First Year Experience: Subverted Stump-Work!

This first year Textiles student shares how she subverted our treasured Stump-work embroidered picture from 1652 into a contemporary fashion design! To see more of what our first year students got up to as part of their “Being Human” project, see a short video by Martin Clark here.

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Stump-work picture from our Needlework Development Scheme collection (NDS/GB/4)

When we went to the archive, we saw a piece of stump work embroidery. It was depicting images of a king and a queen and all these animals and different fancy things around them. The scale was really thrown off and that reminded me of a fairy tale because it looked kind of unusual. It was done a while ago in 1652 and I found out through research that it could have been done by young girls who had learned to embroider stump work, so it’s raised embroidery and this would be their final project which would go on the top of a box for example.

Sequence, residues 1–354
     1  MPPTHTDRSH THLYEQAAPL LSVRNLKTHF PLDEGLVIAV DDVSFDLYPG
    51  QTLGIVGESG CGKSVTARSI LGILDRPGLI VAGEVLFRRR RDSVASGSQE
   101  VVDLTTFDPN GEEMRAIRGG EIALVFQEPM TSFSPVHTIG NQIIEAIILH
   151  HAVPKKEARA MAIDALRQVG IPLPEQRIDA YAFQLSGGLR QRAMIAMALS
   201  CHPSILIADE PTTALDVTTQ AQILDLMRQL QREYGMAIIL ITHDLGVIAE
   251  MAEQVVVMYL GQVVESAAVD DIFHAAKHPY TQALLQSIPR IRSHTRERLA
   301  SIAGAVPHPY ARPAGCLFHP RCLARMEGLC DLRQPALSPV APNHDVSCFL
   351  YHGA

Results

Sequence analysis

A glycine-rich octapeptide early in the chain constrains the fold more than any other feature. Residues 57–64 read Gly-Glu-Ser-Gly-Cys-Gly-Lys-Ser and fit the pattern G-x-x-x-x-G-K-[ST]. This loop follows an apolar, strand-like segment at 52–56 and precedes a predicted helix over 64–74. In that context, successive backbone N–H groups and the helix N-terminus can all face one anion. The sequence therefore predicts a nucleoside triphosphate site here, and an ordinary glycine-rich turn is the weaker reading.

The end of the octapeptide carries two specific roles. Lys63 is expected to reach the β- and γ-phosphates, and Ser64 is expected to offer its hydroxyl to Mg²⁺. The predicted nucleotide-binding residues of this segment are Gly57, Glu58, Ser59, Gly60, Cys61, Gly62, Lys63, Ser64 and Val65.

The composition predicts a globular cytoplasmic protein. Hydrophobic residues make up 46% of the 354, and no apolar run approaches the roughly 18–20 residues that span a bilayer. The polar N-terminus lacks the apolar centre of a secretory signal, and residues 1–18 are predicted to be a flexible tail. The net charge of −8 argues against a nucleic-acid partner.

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Student Sketchbook

I was interested in that and the idea of children’s imaginations, I think it’s amazing to think of a wee 13-year-old or something doing that. So that lead to me drawing designs. I tried to develop that into thinking about what I would have done at that age. I loved the film The Princess Diaries, so my first idea was to develop an embroidery design of the princess in that. I then moved on to taking some of the shapes from the actual stump work, repeating them and trying to make them into a pattern. I also looked at the garments of the king and queen and did more drawings to contextualize these into modern day embroidery on fashion, which was what I ended up doing for my final piece. I repeated the shape in a way that imitated embroidery, and then developed this further by taking some of my drawings and superimposing them onto fashion garments. I then made some print designs by doing some continuous line drawings of elements of the stump work and inverting the colours.  

Images courtesy of Stephen Keane – many thanks Stephen! If anyone has any other pictures of this student’s work, we’d love to add them to this post. Please email archives@gsa.ac.uk.

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